Washington, D.C. Mayor Muriel Bowser speaking during the District's daily Covid-19 response update on May 22, 2020. Photo: Toni L. Sandys/The Washington Post via Getty Images
The Trump administration's lead coronavirus task force coordinator said Friday that Washington, D.C., and its surrounding suburbs have some of the highest rates of positive coronavirus tests in the U.S., The Washington Post reports.
Why it matters: D.C., along with its Virginia and Maryland outskirts, have enforced similar restrictions and stay-at-home orders as other communities across the country, but aren't seeing the same results. Deborah Birx said 42 states have a less-than-10% positive-test rate.
- Birx added that she asked the Centers for Disease Control and Prevention to work with officials in D.C., Chicago and Los Angeles “to really understand where these new cases are coming from and what do we need to do to prevent them in the future.”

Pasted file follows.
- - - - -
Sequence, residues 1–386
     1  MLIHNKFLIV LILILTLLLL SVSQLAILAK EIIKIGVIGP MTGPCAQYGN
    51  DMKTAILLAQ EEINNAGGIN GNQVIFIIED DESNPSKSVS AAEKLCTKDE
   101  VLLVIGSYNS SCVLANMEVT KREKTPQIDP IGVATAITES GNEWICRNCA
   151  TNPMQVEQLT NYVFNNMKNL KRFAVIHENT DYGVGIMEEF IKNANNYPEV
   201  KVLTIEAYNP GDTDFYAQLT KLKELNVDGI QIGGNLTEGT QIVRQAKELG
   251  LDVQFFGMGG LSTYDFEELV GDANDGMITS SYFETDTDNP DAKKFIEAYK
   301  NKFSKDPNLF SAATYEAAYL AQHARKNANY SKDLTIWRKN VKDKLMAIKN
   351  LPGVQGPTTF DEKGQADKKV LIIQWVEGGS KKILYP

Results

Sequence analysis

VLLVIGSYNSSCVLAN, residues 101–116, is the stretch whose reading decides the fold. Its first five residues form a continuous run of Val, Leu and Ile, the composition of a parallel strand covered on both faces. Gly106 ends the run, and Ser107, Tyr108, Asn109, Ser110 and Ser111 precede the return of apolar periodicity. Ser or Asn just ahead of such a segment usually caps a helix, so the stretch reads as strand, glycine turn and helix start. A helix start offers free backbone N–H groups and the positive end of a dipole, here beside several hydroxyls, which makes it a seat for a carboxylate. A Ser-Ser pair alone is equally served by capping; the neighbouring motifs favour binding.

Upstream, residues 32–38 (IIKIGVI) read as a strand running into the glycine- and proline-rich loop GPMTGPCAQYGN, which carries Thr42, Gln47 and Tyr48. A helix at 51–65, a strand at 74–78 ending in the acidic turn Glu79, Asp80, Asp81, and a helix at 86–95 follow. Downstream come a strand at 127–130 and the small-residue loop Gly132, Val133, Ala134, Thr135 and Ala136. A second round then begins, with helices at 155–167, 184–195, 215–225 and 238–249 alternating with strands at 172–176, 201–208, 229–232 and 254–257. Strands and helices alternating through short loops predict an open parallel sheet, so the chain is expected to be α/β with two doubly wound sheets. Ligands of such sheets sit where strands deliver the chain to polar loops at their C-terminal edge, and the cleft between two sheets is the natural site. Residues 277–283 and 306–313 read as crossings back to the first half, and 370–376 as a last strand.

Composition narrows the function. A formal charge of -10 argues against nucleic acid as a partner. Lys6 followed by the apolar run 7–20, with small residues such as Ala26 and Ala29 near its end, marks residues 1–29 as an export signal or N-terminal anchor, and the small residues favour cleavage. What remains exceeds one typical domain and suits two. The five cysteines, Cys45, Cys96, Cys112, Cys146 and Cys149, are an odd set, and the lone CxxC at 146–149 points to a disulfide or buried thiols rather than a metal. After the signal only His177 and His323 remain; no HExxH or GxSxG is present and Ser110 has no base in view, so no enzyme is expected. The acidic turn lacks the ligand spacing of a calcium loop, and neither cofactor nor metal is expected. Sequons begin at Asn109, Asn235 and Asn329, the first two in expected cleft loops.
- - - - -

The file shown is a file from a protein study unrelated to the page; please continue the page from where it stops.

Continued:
The state of play: Democratic Virginia Gov. Ralph Northam and Republican Maryland Gov. Larry Hogan have both said most of their states' infections are clustered in the densely populated suburbs closest to D.C., the Post notes.
- The two governors started relaxing restrictions last week, but D.C. suburbs have either been exempt or are deferring to local leaders.
- Northam has warned residents in northern Virginia to avoid traveling for Memorial Day weekend.
- A spokesperson for Hogan told the Post the decision to begin reopening was based on "key metrics," such as hospitalization rates and ICU bed use, which are at four-week lows.
By the numbers: D.C. has nearly 8,000 confirmed cases, according to John Hopkins University.
- There are about 1,800 confirmed cases in Arlington County, just outside of D.C.
- There are a little over 13,000 confirmed cases in Prince George County, Maryland.
What to watch: D.C. Democratic Mayor Muriel Bowser is expected to announce Tuesday whether she will ease restrictions at the end of next week, per the Post.
- She announced Friday that public swimming pools will remain closed, along with modifications to summer and city-sponsored job programs to avoid in-person contact.